We previously reviewed the Lenovo ThinkBook 15 Gen 2 and ended up recommending it. Lenovo has been producing good-quality laptops under its ThinkBook series. They have the aesthetics of a consumer laptop but the specs of a business machine. The ThinkBook 14s Yoga was sent to us recently. It is supposedly aimed at small business. While its specs do suggest the same, its size, design and looks let it pass for a consumer laptop as well. It is a small-sized abyss blue laptop, and way prettier than any business machine I’ve come across.
A Hefty Body
While the 14s Yoga may be small, it’s undeniably a bulky laptop. Weighing a total of 3.3lbs, the laptop is heavy and doesn’t have the best form factor. Its exterior sports the dual-tone design we saw and appreciated in the ThinkBook 15 Gen 2 with the brand’s name on one side and the series’ name on the other. Within a few seconds of checking the laptop out, it was stained in a dozen fingerprints. The matte all-metal body is a great fingerprint magnet, so you’ll find yourself wiping its body every few hours.
The underside of the 14s Yoga hosts two average-sized vents in the back and a pair of 2W Harman-branded speaker grilles in the front. Upon lifting the lid, which requires you to use both your hands, you’ll see a 14’’ display which is considerably thicker on the top and bottom with bezels of medium thickness on the sides. The top bezel hosts a 720p HD webcam with an integrated privacy shutter.
The 14s Yoga may be a little bulky, but it features an absolutely beautiful chassis. It is made of sturdy metal that exudes extreme sophistication and serves as a justification for the bulk. We were sent the laptop in abyss blue, which is a limited-edition version.
Sharp, Bright and Crisp Display
I put the 14s Yoga through multiple display tests and it remained steadfast throughout. First, I put up the standard video to test an HD 1080p laptop display that determines if a laptop screen displays colors as they truly are. As expected, it performed really well. Every color was displayed accurately. Then, I performed the dead pixel test on it. Dead pixels are picture elements in which all three RGB (red, green, blue) sub-pixels are permanently turned off, which creates a black spot in the display. This test satisfied me as well.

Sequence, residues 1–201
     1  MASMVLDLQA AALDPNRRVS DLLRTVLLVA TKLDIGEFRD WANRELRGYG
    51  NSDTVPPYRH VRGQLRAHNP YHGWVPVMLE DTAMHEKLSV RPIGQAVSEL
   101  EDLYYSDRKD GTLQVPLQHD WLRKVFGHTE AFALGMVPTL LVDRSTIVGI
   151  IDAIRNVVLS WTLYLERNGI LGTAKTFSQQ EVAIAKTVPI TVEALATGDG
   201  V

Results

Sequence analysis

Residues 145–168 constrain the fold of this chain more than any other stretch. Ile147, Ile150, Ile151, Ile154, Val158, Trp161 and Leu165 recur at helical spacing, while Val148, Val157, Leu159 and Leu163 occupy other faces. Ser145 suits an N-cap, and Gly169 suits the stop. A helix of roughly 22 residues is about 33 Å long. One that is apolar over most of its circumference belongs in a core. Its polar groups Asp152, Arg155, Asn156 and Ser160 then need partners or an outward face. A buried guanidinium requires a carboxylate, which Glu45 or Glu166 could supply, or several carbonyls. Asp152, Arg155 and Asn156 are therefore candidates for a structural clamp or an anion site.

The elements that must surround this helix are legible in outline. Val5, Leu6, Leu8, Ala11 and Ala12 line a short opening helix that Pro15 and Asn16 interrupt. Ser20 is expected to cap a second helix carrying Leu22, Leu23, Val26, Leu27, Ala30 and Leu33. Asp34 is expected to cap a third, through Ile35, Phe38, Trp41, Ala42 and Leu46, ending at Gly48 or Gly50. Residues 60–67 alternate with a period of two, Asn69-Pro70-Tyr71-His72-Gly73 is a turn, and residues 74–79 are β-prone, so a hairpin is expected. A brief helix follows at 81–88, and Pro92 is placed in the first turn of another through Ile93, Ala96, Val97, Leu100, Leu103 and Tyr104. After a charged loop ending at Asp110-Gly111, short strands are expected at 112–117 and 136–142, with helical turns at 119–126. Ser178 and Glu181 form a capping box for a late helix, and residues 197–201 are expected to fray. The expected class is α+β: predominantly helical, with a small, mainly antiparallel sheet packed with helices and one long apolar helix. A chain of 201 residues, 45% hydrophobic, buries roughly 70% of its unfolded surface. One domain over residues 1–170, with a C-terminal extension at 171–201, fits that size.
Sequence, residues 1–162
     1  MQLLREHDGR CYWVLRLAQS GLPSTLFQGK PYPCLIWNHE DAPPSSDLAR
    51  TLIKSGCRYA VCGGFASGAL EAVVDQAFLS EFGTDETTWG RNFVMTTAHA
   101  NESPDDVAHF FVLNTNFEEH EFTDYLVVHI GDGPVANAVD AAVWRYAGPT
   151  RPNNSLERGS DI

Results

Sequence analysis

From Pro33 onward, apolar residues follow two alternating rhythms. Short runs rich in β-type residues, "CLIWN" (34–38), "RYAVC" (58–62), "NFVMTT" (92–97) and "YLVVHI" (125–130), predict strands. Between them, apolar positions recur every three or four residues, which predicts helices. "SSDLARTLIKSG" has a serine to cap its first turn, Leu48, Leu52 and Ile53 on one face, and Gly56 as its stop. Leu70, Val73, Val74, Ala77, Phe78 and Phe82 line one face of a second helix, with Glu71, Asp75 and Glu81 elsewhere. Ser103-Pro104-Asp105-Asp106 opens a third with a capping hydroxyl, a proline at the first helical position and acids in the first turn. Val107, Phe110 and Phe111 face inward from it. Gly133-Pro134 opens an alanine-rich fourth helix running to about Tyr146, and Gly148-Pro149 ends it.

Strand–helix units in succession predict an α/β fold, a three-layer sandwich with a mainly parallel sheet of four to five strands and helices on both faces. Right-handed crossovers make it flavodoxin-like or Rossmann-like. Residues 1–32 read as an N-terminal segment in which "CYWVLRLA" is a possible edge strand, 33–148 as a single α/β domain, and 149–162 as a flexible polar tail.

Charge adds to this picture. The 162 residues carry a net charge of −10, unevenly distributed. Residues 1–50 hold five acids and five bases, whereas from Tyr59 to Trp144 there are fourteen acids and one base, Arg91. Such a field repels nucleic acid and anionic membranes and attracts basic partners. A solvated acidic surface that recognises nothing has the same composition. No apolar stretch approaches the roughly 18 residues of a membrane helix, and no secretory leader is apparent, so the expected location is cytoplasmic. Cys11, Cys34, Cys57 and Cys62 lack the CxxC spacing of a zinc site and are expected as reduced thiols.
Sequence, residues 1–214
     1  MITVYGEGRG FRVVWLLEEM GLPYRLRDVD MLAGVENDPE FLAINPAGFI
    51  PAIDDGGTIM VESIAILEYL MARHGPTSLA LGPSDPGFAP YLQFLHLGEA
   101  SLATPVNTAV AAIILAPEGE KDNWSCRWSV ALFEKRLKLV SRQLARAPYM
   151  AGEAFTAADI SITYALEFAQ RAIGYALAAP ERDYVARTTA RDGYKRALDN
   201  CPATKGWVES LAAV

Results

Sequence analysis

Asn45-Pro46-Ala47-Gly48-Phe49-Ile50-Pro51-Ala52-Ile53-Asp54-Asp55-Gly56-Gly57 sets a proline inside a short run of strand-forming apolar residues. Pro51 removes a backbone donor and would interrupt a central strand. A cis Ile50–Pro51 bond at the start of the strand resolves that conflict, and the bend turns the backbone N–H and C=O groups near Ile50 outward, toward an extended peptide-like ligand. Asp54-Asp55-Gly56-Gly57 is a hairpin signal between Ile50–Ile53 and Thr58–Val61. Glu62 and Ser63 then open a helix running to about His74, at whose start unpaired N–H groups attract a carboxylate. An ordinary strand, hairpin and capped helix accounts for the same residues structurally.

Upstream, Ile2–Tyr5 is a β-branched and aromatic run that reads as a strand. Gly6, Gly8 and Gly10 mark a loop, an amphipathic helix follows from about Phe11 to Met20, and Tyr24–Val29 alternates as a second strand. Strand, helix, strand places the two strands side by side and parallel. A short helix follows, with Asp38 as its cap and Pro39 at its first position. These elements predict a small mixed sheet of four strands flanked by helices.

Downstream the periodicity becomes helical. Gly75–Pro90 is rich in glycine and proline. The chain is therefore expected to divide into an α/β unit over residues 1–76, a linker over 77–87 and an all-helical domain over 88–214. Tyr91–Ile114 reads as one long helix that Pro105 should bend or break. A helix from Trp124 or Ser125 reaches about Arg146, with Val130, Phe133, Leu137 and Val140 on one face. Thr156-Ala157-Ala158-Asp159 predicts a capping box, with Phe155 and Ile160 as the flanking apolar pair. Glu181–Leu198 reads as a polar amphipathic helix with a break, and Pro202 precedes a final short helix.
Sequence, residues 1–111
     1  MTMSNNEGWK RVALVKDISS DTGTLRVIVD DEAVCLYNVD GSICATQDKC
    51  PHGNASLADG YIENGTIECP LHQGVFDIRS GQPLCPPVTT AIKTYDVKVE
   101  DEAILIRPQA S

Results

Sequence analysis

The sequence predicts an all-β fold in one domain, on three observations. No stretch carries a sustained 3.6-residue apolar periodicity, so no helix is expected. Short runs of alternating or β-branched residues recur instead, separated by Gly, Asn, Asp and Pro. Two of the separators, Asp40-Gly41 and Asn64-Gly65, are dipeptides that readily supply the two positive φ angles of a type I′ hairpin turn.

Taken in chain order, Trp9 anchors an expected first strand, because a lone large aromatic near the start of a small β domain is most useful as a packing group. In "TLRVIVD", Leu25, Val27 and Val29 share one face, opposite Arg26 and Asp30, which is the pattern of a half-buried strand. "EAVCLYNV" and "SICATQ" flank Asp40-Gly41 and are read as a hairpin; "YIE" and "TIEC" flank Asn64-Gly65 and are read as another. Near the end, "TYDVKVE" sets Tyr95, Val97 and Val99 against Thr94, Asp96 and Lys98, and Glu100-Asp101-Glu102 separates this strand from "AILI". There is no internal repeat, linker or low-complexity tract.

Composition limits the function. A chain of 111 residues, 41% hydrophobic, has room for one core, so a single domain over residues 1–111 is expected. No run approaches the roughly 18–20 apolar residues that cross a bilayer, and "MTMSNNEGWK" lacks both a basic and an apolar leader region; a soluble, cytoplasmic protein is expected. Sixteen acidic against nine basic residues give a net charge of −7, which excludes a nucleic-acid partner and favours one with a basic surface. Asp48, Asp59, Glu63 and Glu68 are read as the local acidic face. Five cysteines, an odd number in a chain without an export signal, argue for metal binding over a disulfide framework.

Next, I put on a video shot in 4K to check the display’s sharpness and crispness. The 14s Yoga’s FHD (1920 x 1080) display exceeded my expectations in this test. It performed exceptionally well. The graphics carried with them focus and crispiness. Its 100% sRGB color gamut came through very well. The tons of colors displayed in the video came popping at me with crystal clarity.
To test its 300-nit brightness and IPS quality, I took the laptop right in front of the window. While it generally performed sufficiently well, some viewing angles created serious blind spots. I rotated the laptop 180 degrees. The display didn’t suffer until it hit a 90-degree angle with the sun. Apart from that, viewing angles are nice and I didn’t come across any blackened areas. It’s important for me to note here that the screen is also glossy and features a touchscreen panel with Corning Glass protection.
The 14s Yoga comes with a stylus! I know, that’s exciting. I’ve been waiting to say it. There is a complementary Integrated Smart Pen tucked inside the right of the laptop. Not only does it serve as an extra cool accessory that gives you better control over your screen, it is particularly useful for note-taking, brainstorming, animation, designing and so on. I love that Lenovo included the stylus without charging extra for it. It’s a feature definitely worth appreciating.